Computing stuff tied to the physical world

Oscilloscope sampling rate

In Hardware, Linux on Jun 16, 2013 at 00:01

Just to finish the series on Raspberry Pi I/O – here’s proof of its GPIO pulsing speed:


The trouble is the irregularity caused by Linux’s multi-tasking properties, and I wanted to show you some examples of that. After a few dozen captures, I came up with this one:


Looks pretty bad, right? Tons of hickups in what was meant to be a 5.2 MHz pulse train.

Not so fast…

The sample rate used by the oscilloscope for this capture was 10 MHz, so it’s sampling the signal at 100 ns intervals. That’s extremely risky, because when the signal is also pulsing at this rate, you might end up missing each peak for a substantial amount of time. This would make it appear as if the signal was low or high all the time, despite its rapid changes.

This effect is called “aliasing”, and the solution is simple:

Do Not Sample At A Rate Close To The Frequencies In Your Signal!

I’m inclined to discard the above snapshot – it’s probably a measurement artefact.

Here’s another screen, this time at 50 MHz sample rate, i.e. 20 ns between captures:


At that rate, it’s impossible to miss pulses which are all in the range of 100 ns or longer. As you can see, there are still glitches (almost on every snapshot there is one), but it’s not as bad as the previous screen shot was suggesting.

Anyway. Enjoy your RPi and all the Linux high-level stuff it can do (like, ehm, run the Arduino IDE and cross-compile stuff for ATmega’s), but beware of treating it like a CPU which is exclusively at your service.

A Raspberry Pi is fast most of the time, but it’s (occasionally) a bit occupied with itself…

  1. Thanks for this exhaustive insight on RPi / frequencies / data transfes rates! I’m no Electronic Engineer whatsoever, but if I remember well, we should sample at a minimum of two times of the frequency rate to prevent aliasing. Am I right?

    • Sort of Luis. The Nyquist frequency is twice the frequency of the signal you are interested in but a square wave is made up of many frequencies (see Fourier analysis). Although the frequency of this square wave is around 10 MHz if you want to know when the pulse started you would need to sample on the order of the rise time.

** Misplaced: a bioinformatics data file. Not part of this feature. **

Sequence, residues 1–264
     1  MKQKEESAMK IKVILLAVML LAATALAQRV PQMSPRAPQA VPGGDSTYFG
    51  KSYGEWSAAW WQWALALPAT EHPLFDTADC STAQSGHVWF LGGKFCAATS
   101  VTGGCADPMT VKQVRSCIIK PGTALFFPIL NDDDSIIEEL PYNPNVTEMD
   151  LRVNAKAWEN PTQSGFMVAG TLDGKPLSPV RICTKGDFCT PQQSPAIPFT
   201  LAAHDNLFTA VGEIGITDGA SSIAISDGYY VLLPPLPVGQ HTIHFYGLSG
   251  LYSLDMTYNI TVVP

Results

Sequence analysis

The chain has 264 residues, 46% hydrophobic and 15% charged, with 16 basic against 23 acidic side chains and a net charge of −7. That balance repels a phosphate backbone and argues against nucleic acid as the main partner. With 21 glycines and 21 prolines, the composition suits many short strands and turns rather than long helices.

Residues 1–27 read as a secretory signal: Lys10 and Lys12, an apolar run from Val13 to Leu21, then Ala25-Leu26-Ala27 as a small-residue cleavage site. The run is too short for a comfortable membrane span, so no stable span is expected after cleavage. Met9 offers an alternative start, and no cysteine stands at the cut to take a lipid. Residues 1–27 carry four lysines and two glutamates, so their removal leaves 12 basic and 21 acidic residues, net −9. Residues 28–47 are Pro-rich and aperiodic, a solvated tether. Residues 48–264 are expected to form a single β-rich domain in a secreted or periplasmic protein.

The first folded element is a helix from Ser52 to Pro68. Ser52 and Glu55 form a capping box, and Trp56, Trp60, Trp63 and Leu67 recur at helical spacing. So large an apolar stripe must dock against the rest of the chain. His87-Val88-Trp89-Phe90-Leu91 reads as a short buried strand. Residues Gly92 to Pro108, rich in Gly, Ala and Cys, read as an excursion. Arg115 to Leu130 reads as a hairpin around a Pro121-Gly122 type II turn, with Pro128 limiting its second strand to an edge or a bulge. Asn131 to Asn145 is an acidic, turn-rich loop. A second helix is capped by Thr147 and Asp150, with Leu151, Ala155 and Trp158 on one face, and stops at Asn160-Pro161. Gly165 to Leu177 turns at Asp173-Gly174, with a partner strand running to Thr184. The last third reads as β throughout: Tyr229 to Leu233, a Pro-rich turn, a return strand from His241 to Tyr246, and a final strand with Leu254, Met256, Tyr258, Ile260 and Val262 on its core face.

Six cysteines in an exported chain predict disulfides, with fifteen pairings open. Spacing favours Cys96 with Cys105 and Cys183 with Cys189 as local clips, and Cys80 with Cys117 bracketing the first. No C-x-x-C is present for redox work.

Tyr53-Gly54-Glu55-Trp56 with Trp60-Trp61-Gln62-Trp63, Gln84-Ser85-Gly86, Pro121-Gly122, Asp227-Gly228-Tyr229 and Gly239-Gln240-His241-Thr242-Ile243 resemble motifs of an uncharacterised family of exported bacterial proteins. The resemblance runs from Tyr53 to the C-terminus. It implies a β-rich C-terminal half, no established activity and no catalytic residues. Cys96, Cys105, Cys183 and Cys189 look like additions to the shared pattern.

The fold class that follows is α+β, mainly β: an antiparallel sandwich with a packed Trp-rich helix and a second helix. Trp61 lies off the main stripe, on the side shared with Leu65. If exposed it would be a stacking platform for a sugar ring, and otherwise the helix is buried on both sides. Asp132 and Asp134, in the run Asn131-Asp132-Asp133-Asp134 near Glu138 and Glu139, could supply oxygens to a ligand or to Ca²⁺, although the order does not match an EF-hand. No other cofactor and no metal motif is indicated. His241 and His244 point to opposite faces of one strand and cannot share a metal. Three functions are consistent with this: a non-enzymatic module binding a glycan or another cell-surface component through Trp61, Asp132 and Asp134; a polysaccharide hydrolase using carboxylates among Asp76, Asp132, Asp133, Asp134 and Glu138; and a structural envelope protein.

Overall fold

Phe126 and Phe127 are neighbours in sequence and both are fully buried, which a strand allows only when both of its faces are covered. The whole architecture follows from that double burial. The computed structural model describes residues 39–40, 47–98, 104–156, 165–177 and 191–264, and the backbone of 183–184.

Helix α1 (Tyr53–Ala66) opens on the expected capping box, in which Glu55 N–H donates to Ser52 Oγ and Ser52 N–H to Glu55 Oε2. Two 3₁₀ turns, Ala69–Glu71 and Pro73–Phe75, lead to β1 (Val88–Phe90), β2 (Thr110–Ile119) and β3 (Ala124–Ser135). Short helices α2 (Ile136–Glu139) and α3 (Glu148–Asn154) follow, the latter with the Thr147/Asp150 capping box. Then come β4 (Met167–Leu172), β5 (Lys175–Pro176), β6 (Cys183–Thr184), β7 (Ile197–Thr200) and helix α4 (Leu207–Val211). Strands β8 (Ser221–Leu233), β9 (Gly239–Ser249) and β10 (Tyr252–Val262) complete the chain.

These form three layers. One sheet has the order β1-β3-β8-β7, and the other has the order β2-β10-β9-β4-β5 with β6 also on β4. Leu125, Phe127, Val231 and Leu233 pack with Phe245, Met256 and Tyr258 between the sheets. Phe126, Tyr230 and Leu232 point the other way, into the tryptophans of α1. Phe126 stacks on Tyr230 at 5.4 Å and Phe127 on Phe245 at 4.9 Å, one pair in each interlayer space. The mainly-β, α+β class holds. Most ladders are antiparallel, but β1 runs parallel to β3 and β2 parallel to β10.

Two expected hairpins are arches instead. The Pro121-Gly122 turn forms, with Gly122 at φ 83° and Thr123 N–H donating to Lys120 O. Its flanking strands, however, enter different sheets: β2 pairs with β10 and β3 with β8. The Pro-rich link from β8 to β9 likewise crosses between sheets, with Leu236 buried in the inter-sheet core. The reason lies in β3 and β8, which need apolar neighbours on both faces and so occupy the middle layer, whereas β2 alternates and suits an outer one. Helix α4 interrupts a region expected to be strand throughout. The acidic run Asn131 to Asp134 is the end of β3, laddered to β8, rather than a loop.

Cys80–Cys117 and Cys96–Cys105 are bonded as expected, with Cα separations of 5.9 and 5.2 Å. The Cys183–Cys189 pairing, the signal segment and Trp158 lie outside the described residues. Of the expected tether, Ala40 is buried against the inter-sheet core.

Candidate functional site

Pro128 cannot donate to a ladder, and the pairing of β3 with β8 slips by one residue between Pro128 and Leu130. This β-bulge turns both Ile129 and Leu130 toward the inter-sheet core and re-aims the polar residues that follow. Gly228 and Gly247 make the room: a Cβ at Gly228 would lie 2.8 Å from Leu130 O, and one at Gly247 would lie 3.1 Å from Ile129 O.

• Yep – see Wikipedia. I wanted to explain it in a more intuitive fashion as to why that sampling rate has to be twice or more. In this case of a square wave, the signal is composed of all the odd harmonics.

      To understand square waves and their composition from sine waves, see this 3-min video. The sound quality is awful, but the explanation is great.

  2. Don’t scopes have an envelope or peak detect measurement mode, that would let you capture something like the first trace, with the information you need?

    • Yes there are, but I’m not sure they can capture things more precisely than the signal acquisition rate. Would need to try it… peak detect mode might address this. The envelope capture mode is more a persist-like mode, which just aggregates the largest signal excursions on screen.

  3. Another potential limitation comes from the bandwidth of the triggering circuit – if the event crosses, then re-crosses, the detection threshold too quickly, no trigger is generated, no waveform captured at all.

    If you are searching for ‘runts’ or other very fast glitches, it can be better to leave the ‘scope in free running mode, then search the samples from memory after the fact. It is sometimes possible to generate a separate, single-shot trigger ‘near’ the expected event (e.g. waggling a DIO pin) to conserve sample memory.

    We are so used to ‘automatically’ deriving triggering from the input signal, that extra connector ‘EXT TRIG’ is often neglected.

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